Finally, for the small fraction of workers in a honey bee colony that are full siblings, the genetic interests of matrigenes and patrigenes are quite different: patrigenes can be equally well propagated through a worker’s own reproduction or that of a full sibling. Most competition for reproduction in honey bees is among half-siblings, however, so this should have little effect in honey bee colonies. Nevertheless, among other social insects in which the queen mates only once (such as bumble bees and many species of ants) all workers are full siblings and, as the authors note, the prediction is reversed: matrigenes should favor worker reproduction and show enhanced gene expression relative to patrigenes. Apparently this has not yet been studied, but it would constitute an elegant complementary test to the ground-breaking results of Galbraith et al.

Honeybee workers surrounding their queen, who’s been marked with a dot


Galbraith, D. A., S. D. Kocher, T. Glenn, I. Albert, G. J. Hunt, J. E. Strassmann, D. C. Queller, and C. M. Grozinger. 2016. Testing the kinship theory of intragenomic conflict in honey bees (Apis mellifera). Proc Nat. Acad Sci. USA 113:1020-1025. doi:10.1073/pnas.1516636113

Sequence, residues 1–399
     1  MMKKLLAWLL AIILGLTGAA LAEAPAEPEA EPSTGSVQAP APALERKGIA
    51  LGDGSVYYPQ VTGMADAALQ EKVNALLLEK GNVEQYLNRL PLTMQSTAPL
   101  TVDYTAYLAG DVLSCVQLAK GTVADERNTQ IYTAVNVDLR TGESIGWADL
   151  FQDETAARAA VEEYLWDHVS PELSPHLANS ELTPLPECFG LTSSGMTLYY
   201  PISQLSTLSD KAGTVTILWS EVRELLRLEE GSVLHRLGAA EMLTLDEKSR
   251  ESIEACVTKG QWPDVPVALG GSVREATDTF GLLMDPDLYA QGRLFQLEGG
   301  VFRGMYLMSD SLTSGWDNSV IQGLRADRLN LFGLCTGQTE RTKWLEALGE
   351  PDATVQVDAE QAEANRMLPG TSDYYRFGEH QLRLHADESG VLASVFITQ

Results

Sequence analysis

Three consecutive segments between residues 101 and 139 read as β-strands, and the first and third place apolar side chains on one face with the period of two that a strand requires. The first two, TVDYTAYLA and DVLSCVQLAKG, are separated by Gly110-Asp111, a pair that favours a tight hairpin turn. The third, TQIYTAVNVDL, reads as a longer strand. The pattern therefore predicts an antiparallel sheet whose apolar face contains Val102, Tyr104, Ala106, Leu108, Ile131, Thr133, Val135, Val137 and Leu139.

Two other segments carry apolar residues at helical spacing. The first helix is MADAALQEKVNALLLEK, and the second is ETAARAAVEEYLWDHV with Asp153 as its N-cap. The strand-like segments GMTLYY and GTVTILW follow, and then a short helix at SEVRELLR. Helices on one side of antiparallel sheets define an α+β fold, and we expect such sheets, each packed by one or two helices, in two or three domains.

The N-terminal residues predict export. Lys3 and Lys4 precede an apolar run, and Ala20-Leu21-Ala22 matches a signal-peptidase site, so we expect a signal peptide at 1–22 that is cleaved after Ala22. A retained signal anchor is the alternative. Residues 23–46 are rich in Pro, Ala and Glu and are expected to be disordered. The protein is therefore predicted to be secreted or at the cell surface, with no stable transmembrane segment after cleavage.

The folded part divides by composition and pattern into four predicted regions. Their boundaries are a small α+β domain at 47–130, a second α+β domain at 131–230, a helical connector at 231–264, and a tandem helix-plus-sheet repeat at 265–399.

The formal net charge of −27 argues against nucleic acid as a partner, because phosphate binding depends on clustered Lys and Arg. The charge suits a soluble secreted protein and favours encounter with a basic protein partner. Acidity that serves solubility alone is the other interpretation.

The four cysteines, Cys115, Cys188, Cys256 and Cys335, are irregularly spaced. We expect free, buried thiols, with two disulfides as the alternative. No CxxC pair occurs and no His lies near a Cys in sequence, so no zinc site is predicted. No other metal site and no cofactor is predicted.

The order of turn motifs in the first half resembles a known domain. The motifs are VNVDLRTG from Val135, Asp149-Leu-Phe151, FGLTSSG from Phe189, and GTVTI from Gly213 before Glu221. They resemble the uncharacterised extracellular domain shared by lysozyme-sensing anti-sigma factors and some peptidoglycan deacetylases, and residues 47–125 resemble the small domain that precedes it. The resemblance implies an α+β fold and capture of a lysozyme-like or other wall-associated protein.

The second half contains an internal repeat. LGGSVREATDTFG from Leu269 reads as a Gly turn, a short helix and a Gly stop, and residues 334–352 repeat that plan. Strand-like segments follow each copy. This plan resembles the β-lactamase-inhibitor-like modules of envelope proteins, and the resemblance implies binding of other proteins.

30 thoughts on “A new paper showing the usefulness of the kin-selection model

    1. I’m assuming that’s a compliment and not intended to mean you had to read it twice to figure out what it was saying! 😉

  1. Very interesting.

    I have always thought it a bit of human psychological bias to think of the ‘workers’ serving a ‘queen.’ We think of the queen as in a superior position merely because that reflects our social forms – if you’re sedentary and taken care of, you must be on the top of the social ladder. But we could just as easily think of the social structure from the reverse psychological angle: the queen is the worker’s breeding-slave, a uterus stuck in a box for the purpose of making more workers, while the workers get to go out doors, have regular bee lives, etc…

    Biologically it doesn’t make a difference whether we think of the colony as one queen with a bunch of worker servants or a worker society with a breeding servant. The bees themselves could care less. 🙂 Its just interesting that we gravitate towards the former thinking rather than the latter. If your life choices were between queen (sit in one place, eat honey, make kids, that’s all you do) or worker (go collect pollen and tend the kids; probably don’t eat as well and die sooner), which sort of bee would you want to be? Do you really think the “queen” position is the most desirable one in the hive?

    1. The bees themselves could care less.

      As Dawkins pointed out in (I think) The Selfish Gene, the bees do care, and there is an actual fact of the matter about who’s in charge.

      The queen’s reproductive interests are favored by a 1:1 ratio of female to male offspring, but (because of haplodiploidy) the workers’ interests are favored by a 3:1 sex ratio. The queen decides what sort of eggs to lay (fertilized or unfertilized) but the workers decide which of those eggs to feed and nurture. And at the end of the day, it’s the 3:1 ratio that prevails.